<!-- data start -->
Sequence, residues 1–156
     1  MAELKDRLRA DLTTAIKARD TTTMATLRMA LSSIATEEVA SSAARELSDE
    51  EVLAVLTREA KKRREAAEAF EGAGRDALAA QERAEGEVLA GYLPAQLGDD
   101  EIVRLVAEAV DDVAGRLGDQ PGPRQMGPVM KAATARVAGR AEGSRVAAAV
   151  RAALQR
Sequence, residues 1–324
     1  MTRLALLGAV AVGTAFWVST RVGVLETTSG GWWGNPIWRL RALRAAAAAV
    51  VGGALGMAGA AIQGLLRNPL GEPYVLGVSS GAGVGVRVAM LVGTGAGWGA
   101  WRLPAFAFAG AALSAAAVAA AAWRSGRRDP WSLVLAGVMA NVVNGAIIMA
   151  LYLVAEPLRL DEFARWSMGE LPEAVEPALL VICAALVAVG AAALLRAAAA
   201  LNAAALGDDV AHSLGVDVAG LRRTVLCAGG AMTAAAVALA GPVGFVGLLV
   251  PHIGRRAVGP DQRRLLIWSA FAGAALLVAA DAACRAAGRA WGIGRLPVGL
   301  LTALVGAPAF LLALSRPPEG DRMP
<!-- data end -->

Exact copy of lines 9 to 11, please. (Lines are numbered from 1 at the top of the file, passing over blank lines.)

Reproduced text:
   101  WRLPAFAFAG AALSAAAVAA AAWRSGRRDP WSLVLAGVMA NVVNGAIIMA
   151  LYLVAEPLRL DEFARWSMGE LPEAVEPALL VICAALVAVG AAALLRAAAA
   201  LNAAALGDDV AHSLGVDVAG LRRTVLCAGG AMTAAAVALA GPVGFVGLLV